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old ladies by the sea :: pablo neruda

by on May 4, 2016

The old women come to the serious sea
with their withering shawls
and their fragile feet broken.

Alone on the beaches, they sit
without shifting their gaze or their hands
or the clouds or the quietness.

The ocean’s obscenity shatters and slashes,
descends in a mountain of trumpets,
shakes a bullock’s mustaches.

The matriarchs sit in their places, unmoved,
transparent like ships on a sea,
observing the terrorist waves.

Where do they come from, where go to?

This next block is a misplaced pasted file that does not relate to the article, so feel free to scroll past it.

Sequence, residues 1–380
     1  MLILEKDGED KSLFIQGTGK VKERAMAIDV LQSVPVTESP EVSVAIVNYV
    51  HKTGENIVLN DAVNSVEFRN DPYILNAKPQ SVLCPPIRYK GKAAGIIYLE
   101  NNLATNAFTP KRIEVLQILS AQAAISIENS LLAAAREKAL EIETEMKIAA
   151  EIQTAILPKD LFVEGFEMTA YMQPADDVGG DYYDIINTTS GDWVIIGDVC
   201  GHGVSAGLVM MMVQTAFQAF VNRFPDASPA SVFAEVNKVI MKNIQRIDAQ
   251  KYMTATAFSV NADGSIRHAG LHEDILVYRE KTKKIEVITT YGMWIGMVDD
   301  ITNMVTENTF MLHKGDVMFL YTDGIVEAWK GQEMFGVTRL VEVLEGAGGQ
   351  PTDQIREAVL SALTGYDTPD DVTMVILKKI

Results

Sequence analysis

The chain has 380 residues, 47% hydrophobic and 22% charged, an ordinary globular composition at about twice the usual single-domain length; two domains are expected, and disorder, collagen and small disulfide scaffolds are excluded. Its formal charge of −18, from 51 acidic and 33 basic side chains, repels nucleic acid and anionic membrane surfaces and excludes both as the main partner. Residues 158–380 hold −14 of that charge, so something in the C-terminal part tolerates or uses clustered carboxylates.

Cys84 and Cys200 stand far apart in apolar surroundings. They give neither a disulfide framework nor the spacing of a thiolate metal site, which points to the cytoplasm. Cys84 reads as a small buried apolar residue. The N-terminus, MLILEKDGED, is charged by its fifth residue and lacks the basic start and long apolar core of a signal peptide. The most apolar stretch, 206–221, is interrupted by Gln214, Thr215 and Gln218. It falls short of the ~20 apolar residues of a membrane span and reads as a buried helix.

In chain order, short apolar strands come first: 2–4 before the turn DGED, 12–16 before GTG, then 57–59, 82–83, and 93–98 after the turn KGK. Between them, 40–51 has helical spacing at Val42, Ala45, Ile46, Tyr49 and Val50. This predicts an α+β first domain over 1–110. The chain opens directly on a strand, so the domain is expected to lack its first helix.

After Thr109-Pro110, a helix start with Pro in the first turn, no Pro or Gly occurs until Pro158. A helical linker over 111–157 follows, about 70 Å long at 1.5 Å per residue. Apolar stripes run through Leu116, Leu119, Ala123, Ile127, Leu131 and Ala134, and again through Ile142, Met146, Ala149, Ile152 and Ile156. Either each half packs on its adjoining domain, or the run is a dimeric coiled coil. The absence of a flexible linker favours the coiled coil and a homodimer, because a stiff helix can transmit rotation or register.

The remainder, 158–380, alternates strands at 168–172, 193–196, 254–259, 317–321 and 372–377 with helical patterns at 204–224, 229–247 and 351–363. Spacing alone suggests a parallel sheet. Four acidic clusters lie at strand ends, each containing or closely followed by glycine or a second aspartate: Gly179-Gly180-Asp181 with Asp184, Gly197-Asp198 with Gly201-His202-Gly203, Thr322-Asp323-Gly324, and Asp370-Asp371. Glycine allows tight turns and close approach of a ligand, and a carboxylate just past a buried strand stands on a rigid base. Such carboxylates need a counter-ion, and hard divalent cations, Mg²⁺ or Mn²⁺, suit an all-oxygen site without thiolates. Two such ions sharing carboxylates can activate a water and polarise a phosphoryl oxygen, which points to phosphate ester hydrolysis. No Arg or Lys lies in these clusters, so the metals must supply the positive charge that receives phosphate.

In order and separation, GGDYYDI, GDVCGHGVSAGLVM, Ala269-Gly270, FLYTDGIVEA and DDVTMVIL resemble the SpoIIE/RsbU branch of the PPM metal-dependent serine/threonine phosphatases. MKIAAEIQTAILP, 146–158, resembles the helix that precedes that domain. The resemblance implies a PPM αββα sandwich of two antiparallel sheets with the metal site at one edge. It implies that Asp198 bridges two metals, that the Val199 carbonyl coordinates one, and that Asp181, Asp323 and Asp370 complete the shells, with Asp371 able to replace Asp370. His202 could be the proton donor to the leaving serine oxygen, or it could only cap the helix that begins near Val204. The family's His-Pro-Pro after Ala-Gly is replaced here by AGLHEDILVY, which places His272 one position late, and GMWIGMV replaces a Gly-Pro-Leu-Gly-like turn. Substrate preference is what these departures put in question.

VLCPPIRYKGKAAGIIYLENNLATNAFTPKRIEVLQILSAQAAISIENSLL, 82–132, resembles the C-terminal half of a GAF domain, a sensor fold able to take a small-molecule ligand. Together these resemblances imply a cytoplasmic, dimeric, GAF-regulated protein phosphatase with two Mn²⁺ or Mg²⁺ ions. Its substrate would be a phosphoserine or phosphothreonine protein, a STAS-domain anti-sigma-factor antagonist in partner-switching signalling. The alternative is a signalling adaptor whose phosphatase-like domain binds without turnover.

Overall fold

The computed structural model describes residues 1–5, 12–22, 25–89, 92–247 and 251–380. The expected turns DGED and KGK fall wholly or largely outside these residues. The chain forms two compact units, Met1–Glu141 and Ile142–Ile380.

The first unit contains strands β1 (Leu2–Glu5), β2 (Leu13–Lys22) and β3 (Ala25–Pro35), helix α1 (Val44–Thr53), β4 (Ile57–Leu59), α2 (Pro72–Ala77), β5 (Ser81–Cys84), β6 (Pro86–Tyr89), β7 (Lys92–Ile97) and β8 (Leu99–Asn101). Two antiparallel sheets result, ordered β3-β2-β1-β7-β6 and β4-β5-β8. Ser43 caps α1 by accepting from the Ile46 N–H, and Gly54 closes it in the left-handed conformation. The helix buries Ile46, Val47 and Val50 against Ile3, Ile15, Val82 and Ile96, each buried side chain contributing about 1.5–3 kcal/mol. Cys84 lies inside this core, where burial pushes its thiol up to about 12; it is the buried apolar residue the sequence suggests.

They move out of corners,
from the quick of our lives.

The ocean is theirs, now,
the vacancy, freezing and burning,
the solitude crowded with bonfires.

They move in the fullness of time
from the once-fragrant houses
and the char of the twilight.

They see and do not see the waters,
they write signs with their walking sticks,
and the sea blots their signatures.

Then the ancients move off
on frail bird’s feet, upraised,
while a runaway surf
travels naked in wind.

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